That sounds tough-- if the betting is their favorite part, you'll probably have a hard time separating them from it. Some possibilities:
1. Bet tokens that aren't money
If you bet poker chips instead of cash, the gambling element is still there but doesn't cost anyone any money. The tokens can still have some kind of value (being worth a chore, or control of the TV channel, or something else). They could even be redeemable for cash (i.e., they're good for chores but can also be traded at a face value of $1 or something).
They might not like this, as betting behaviors can be very different when the stakes are for money versus something else. But if the tokens have mutually appreciated value to you and your siblings it could be a great alternative.
2. Bet, but don't really collect
You can still bet on games, and win and lose those bets, without having any money actually change hands. If you instead keep a family ledger of outstanding "debts", it can still be clear who is winning and losing over time but the tab never needs to be closed out. Over the long run I would expect the debts to mostly cancel out, though even if that's not the case as long as the tab is not called it wouldn't really matter.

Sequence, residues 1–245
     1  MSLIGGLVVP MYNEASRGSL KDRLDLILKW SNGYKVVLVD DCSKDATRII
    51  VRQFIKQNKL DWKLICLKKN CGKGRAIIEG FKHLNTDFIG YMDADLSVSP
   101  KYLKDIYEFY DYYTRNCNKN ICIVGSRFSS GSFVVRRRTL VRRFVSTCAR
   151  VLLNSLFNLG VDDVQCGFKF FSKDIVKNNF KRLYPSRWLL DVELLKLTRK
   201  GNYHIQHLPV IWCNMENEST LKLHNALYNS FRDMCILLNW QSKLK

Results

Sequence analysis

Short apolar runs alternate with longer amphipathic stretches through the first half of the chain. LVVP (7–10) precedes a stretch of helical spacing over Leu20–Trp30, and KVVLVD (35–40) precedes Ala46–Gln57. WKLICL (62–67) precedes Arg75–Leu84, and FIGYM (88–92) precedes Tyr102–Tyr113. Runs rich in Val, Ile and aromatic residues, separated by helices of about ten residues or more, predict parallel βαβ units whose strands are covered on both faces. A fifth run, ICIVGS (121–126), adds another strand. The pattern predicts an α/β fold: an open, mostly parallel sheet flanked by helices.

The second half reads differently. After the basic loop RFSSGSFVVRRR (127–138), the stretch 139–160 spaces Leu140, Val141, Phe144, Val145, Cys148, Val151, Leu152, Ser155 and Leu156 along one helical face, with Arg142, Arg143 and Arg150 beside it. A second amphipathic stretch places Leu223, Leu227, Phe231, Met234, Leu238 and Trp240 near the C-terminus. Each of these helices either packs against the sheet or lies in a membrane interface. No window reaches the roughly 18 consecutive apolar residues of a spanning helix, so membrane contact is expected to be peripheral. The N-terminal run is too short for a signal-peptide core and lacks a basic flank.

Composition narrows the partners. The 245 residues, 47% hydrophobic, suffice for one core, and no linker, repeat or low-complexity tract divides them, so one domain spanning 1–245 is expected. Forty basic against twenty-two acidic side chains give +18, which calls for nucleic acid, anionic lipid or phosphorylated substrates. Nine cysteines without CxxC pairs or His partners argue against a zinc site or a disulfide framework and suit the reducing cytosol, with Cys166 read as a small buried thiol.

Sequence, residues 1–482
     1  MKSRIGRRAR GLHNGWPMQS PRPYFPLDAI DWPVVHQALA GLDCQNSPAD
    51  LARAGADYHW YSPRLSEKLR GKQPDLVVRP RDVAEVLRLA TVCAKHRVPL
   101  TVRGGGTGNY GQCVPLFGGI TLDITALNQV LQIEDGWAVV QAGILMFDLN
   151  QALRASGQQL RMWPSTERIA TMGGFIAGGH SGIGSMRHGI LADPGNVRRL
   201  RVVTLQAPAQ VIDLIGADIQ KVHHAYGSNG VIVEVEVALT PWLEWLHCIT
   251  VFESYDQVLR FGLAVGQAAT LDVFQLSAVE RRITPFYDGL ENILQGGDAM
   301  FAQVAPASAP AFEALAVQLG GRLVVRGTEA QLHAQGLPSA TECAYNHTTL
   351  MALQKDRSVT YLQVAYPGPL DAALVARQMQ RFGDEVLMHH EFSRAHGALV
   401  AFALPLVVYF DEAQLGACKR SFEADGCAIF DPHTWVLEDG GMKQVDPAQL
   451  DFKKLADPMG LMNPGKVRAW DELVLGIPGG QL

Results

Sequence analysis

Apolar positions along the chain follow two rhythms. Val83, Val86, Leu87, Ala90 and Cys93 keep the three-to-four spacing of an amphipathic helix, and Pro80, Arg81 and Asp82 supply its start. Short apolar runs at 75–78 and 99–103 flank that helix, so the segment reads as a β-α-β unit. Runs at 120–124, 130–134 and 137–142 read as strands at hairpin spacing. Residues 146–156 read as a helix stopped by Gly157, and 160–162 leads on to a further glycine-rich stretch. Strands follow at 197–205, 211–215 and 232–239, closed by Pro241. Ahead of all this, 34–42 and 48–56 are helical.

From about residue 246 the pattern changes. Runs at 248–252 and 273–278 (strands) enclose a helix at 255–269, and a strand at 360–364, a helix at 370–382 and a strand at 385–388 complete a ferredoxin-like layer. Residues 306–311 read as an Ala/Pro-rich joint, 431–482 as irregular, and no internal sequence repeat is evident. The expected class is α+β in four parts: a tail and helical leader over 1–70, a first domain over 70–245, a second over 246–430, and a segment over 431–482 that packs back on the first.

3. Make book!
This is my favorite approach. If you have studied (or are willing to study a bit of) statistics, you can organize bets and side bets between your siblings. This is more complicated than just saying "I'll bet $5 I win this game", but also allows for more interesting bets (with varied odds, conditions, etc.). Correctly assigning odds to attract bets in workable proportions means that you generally won't lose any money. If you take a margin on payouts you can even make money (though I personally would not do so in a case like this).
This would allow betting to occur to your siblings' preferences, inherently removes you from betting, and (depending on what you find interesting) may add something of interest to you in the betting process.